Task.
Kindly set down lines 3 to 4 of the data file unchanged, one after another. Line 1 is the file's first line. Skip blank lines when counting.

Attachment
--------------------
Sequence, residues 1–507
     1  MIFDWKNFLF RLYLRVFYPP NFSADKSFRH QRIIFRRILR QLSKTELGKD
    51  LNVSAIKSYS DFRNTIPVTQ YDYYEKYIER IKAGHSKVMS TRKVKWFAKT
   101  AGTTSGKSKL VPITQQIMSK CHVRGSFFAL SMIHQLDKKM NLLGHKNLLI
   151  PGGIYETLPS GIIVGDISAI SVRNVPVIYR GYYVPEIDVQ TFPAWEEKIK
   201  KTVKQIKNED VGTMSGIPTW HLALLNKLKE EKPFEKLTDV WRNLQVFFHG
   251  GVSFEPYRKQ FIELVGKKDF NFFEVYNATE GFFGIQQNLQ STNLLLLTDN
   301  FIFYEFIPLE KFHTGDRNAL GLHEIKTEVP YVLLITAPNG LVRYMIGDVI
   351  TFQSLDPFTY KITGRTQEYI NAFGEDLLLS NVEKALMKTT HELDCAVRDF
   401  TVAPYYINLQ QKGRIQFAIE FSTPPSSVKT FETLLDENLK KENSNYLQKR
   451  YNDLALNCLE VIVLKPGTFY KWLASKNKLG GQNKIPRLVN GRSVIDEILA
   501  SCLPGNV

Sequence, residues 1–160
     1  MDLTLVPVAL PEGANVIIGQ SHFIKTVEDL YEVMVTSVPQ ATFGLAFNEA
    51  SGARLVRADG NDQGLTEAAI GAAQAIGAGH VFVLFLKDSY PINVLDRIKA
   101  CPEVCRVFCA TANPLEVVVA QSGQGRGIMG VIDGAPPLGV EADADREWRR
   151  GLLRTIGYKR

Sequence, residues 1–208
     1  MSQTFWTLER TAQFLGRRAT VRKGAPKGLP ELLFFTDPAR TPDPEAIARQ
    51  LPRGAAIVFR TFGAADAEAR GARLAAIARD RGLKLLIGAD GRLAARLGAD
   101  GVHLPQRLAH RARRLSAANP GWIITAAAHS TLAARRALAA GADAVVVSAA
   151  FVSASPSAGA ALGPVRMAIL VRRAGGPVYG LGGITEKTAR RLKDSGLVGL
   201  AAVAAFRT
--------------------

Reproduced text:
    51  LNVSAIKSYS DFRNTIPVTQ YDYYEKYIER IKAGHSKVMS TRKVKWFAKT
   101  AGTTSGKSKL VPITQQIMSK CHVRGSFFAL SMIHQLDKKM NLLGHKNLLI